Due to recent trends in health care, urgent care centers (UCCs) and their physicians are increasingly being sued for medical malpractice and receiving formal complaints from licensing and regulatory agencies. One reason for the increased legal threat is that patients visit urgent care centers with more serious medical conditions than in the past. Due to the high cost, long wait, and relative scarcity of emergency departments (EDs), individuals are now opting for the convenience of urgent care centers over the ED. Urgent care centers have become more prevalent in the delivery of medical care in America, so it is important to recognize these unique areas of liability exposure.
This trend creates many problems that pose significant legal risks to UCCs and their physicians. Unlike EDs, UCCs lack the diagnostic equipment necessary to perform proper triage and patient transfers out. For example, most UCCs do not have ultrasound or CT capabilities. Therefore, physicians and owners of UCCs need to be prepared for potential lawsuits and administrative complaints so that they can prevent them or, at worst case, reduce the damages.
The most common allegations of medical negligence for UCCs are related to failure to diagnose, failure to treat, failure to report, and failure to follow up. Having an attorney involved before these allegations occur, rather than after, will make it easier on UCCs and their physicians to prevent costly and lengthy legal proceedings. Legal liability is a cost of doing business in medicine, but there are many ways physicians and practice staffs can insulate themselves against liability.
What Can UCCs Do to Minimize Legal Risks?
Attorneys at Chapman Law Group can help you establish a risk management plan which addresses several important areas. The key to an effective risk management program is to be aware of issues that affect your level of loss exposure. Chapman Law Group can provide urgent care centers and their physicians with timely information on evolving legal exposures and access to risk identification and awareness programs.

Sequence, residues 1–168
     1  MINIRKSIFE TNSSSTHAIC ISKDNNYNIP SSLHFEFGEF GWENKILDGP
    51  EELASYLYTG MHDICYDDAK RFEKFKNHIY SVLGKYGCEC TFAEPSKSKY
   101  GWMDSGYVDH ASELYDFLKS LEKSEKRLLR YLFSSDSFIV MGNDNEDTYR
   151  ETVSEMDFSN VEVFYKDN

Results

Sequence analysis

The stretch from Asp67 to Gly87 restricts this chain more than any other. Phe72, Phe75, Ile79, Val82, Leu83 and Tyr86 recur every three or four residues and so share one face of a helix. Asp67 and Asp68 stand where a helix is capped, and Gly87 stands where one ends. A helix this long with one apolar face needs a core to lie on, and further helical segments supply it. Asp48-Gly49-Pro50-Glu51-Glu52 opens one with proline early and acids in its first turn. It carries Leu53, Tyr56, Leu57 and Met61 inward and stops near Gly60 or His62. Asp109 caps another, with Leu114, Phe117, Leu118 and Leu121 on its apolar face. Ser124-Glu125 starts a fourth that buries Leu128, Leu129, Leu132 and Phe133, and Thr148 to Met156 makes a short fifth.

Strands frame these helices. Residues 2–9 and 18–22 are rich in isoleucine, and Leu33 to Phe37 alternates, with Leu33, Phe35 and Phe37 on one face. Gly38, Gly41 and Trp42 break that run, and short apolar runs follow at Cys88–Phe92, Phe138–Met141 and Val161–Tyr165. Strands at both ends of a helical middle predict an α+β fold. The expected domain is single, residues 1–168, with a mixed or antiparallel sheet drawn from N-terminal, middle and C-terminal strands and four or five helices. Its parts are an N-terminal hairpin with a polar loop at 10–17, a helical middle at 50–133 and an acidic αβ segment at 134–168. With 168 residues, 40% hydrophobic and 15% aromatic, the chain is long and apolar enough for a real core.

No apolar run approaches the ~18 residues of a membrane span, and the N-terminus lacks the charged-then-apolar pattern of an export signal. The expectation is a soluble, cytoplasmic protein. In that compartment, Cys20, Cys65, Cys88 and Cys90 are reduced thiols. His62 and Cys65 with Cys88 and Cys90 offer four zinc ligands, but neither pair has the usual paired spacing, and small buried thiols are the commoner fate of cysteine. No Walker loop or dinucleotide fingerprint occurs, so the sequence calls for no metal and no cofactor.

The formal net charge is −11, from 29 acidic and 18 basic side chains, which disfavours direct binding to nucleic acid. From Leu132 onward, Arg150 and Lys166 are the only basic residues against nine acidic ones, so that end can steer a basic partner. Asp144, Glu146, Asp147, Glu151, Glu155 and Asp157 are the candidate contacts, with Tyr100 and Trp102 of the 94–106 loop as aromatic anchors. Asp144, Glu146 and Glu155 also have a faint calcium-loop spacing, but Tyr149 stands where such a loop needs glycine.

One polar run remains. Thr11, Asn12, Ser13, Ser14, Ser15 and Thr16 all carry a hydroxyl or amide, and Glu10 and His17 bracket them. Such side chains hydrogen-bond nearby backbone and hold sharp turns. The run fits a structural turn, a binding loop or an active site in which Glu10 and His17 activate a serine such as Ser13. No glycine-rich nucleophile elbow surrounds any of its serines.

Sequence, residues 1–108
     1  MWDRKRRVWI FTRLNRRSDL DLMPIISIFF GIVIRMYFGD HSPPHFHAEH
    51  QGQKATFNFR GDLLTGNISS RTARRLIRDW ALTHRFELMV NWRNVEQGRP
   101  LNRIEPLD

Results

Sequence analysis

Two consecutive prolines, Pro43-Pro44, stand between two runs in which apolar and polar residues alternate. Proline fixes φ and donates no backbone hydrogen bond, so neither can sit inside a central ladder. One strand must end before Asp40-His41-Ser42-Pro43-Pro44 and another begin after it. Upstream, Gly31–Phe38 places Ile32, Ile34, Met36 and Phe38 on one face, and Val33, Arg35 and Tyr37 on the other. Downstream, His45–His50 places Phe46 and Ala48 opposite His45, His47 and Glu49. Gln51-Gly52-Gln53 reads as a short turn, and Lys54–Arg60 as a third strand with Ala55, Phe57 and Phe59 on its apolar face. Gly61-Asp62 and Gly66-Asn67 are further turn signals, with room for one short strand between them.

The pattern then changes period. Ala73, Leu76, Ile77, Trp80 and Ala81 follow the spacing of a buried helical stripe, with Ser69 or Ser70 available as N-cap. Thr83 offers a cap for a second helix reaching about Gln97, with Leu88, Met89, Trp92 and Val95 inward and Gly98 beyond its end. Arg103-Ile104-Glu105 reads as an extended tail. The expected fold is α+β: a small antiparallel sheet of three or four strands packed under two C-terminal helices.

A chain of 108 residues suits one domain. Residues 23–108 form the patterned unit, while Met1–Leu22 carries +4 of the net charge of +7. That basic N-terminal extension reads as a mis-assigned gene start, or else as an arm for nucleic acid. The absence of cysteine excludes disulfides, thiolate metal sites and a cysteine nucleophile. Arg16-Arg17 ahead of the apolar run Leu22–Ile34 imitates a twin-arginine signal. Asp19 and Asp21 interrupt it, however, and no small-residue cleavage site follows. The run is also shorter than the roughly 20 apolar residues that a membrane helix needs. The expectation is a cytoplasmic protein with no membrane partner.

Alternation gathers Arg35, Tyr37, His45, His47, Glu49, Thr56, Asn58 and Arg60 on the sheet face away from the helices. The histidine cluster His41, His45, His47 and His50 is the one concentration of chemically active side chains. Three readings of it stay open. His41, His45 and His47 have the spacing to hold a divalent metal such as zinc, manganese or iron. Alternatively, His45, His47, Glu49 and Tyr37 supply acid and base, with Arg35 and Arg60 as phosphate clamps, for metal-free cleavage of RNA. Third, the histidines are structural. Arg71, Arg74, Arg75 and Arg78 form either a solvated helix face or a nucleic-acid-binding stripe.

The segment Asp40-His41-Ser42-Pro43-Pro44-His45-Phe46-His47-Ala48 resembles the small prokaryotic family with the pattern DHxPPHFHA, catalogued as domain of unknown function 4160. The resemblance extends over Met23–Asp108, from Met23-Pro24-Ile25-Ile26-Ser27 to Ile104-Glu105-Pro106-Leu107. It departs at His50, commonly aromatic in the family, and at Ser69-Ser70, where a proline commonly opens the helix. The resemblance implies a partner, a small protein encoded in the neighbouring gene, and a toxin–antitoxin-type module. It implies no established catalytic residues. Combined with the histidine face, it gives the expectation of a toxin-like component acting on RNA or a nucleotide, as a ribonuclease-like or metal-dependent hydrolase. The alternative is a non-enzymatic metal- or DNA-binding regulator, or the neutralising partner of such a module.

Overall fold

Urgent care medicine is an emerging method of delivering care and, as such, is potentially vulnerable for many reasons. This includes the lack of uniform standards, guidelines, and/or protocols that may make it easy for plaintiff’s lawyers to take advantage of. Below are just a few elements of an effective risk management plan that Chapman Law Group can help you develop.
Proper Medico-Legal Documentation
Careful documentation is paramount to protecting oneself from allegations of improper medical care. Physicians should take the time to thoroughly chart all important aspects of the physical examination because information that is not charted might be subject to jury suspicion down the line. Illegible handwritten notes and checkbox or template charting often produce documentation that is not defensible under the retrospective scrutiny of plaintiffs’ experts.
Effective Patient Communications
UCCs should be careful in how they hold themselves out to the public and should communicate to the patient the exact nature of the relationship between the patient and the center. Patient communication is vital because UCC physicians are not as likely to build relationships with patients in the way that primary care physicians do, and that lack of rapport can also make a patient more likely to sue. Detailed discharge and follow-up instructions must be clearly communicated to the patient.